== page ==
Things not turning out is a product of a fallen world where there is evil, wrong, selfishness, and other people who don't always want what we want. We know that, halfway expect it, but we think with hard work, good education, and useful experience our world will turn out. Mostly it does, but not everything and sometimes its the big things that get us. Some people lower their expectations and let luck or laziness, or lousy timing grind them like grist. But I have noticed that a lot of people, when things don't turn out, keep at it. They keep going in some direction hoping the next thing, even if it's a smaller thing will work out better. The guys who loses his job keeps looking for another one. He finds one not in his field, but he works it, learns it, makes a living. The woman whose body betrayed her can't climb the alps, she works hard at climbing the five steps at the rehab center. She makes progress and redefines her life. Plan A didn't turn out, she works on Plan B. It happens with marriages, hobbies, jobs, retirements, churches, bodies, and even meringue. Who knew humans could be so resilient? Who knew they could keep on hoping? Why do they keep trying to bounce back in the dull light of dashed dreams and faded glory? Who knew broken humans could dream again, hope again, live again?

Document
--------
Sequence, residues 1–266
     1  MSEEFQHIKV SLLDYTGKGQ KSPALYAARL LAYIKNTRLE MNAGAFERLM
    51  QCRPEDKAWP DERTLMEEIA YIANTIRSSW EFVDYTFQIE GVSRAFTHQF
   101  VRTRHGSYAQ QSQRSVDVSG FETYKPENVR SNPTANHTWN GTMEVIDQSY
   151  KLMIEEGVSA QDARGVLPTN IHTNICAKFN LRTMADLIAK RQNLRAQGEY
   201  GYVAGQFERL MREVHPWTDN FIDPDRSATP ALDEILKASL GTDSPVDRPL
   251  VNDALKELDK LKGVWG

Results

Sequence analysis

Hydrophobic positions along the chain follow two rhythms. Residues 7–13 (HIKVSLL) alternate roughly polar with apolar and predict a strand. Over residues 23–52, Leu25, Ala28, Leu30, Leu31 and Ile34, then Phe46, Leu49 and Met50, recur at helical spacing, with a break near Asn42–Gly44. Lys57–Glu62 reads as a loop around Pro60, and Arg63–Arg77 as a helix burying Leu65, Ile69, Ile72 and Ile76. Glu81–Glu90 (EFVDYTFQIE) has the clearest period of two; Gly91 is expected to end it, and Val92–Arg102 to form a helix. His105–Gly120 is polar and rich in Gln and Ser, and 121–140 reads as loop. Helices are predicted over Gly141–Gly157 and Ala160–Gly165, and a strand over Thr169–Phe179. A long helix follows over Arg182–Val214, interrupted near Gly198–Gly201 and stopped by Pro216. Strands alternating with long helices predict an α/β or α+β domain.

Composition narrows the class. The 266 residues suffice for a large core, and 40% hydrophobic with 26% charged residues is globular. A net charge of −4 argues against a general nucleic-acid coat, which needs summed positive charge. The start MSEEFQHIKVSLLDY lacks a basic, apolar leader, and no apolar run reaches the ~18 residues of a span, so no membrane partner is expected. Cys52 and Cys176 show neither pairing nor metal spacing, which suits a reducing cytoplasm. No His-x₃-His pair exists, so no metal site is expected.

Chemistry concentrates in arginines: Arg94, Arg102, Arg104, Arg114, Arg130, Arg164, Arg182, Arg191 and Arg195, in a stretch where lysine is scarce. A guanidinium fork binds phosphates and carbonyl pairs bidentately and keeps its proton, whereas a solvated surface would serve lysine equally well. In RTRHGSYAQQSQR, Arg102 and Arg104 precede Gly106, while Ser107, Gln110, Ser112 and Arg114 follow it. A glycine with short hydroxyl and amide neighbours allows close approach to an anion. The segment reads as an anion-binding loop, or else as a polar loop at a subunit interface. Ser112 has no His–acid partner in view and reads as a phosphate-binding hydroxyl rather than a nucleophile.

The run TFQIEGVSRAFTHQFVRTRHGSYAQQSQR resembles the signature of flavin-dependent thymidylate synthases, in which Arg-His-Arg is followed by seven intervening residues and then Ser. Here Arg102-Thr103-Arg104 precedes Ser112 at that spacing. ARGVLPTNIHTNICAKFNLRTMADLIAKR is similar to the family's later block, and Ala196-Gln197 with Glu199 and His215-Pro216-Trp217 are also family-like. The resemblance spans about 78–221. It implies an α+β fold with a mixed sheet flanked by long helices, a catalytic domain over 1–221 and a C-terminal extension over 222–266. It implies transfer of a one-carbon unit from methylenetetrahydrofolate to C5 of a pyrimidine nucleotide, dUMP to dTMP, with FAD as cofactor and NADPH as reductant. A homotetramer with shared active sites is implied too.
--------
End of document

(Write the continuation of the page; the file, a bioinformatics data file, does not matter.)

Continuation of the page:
The One Who made them.

"He has made everything beautiful in its time. He has also set eternity in the hearts of men; yet they cannot fathom what God has done from beginning to end." Ecclesiastes 3:11. "Being confident of this, that He who began a good work in you will carry it on to completion until the day of Christ Jesus." Philippians 1:6